Connecting for Health have told the House of Commons Health Select Committee that addressing the information governance challenge for shared records and use of patient data in an electronic NHS would be an ongoing challenge for the coming decade, in the same way that getting clinical governance right had been the challenge of the previous decade.
Quizzed about privacy and consent issues, Dr Gillian Braunold, joint national GP clinical lead for the DH agency, told the committee that information governance was beginning to be looked into and there would be further answers in a year’s time when an independent evaluation by University College London (UCL) of the early adopter sites was completed.
Speaking on 26 April Dr Braunold said: “The National Programme for IT has spent resources on getting governance right and it is a challenge for the next decade. We could have said just do it, but we will instead be doing an independent evaluation with UCL and take it from there…it is very difficult to go ahead with new systems when you are still having discussions about consent models.”
In the later session, the ten year gap was greeted with horror from Andrew Hawker, a former systems developer, giving evidence as a NHS patient.
“The delays give us time to get things right, Gillian Braunold said it would take ten years to get information governance right but to me that’s a problem – especially as we’ve only just started looking at it.”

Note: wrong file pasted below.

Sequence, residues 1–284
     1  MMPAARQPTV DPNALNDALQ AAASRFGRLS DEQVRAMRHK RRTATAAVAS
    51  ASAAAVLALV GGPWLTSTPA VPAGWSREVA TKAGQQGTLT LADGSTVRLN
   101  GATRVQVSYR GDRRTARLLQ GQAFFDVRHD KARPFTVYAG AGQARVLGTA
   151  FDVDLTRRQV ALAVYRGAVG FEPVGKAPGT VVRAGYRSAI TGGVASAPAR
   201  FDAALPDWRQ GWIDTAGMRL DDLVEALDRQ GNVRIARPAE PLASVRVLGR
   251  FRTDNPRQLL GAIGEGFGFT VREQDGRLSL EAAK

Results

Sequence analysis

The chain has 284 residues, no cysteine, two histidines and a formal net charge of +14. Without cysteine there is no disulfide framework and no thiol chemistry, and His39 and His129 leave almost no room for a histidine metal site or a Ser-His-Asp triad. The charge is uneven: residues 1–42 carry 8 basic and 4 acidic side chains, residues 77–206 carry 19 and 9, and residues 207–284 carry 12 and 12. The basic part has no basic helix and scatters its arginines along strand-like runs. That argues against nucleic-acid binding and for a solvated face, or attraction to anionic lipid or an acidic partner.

Harry Cayton, DH national director for patients and the public, told the committee that the decision to go forward with the NHS CRS as an implied consent model was decided as a ‘professional agreement’ and one that was necessary to save GPs’ time.
“Informed consent was necessary as otherwise large amounts of people do not take part, and when we did back of the envelope calculations, it showed that it would take 100 years of a GP’s time to go through all consent issues. Figures for other sites with their own electronic patient records show that less than 1% opt-out when the programme is clearly and properly explained.”
Dr Braunold said most residents in the early adopter sites read the information leaflet that had come through the door and to date only 0.2% of the public had concerns.
However, Hawker said this was still a concern telling the MPs: “Even the 0.2% figure is a big deal when you consider the population of England, that’s almost 100,000 patients – the size of one of your constituencies.”
Eyebrows were also raised when the issue of use of data from the CRS for research purposes came up. CfH said that pseudonymising data meant that researchers would have access to personal health records that have no identifiable information except a postcode and a date of birth.
Dr Paul Cundy, chair of the General Practitioner’s Joint IT Committee, responded to this suggestion by telling the committee: “Anonymisation is an absolute condition for research. Data is either anonymised or its not. Saying something is pseudonymised is a clever way of avoiding saying its not anonymised. On the basis of the evidence we heard from CfH it would seem that the Secondary Uses Service is illegal".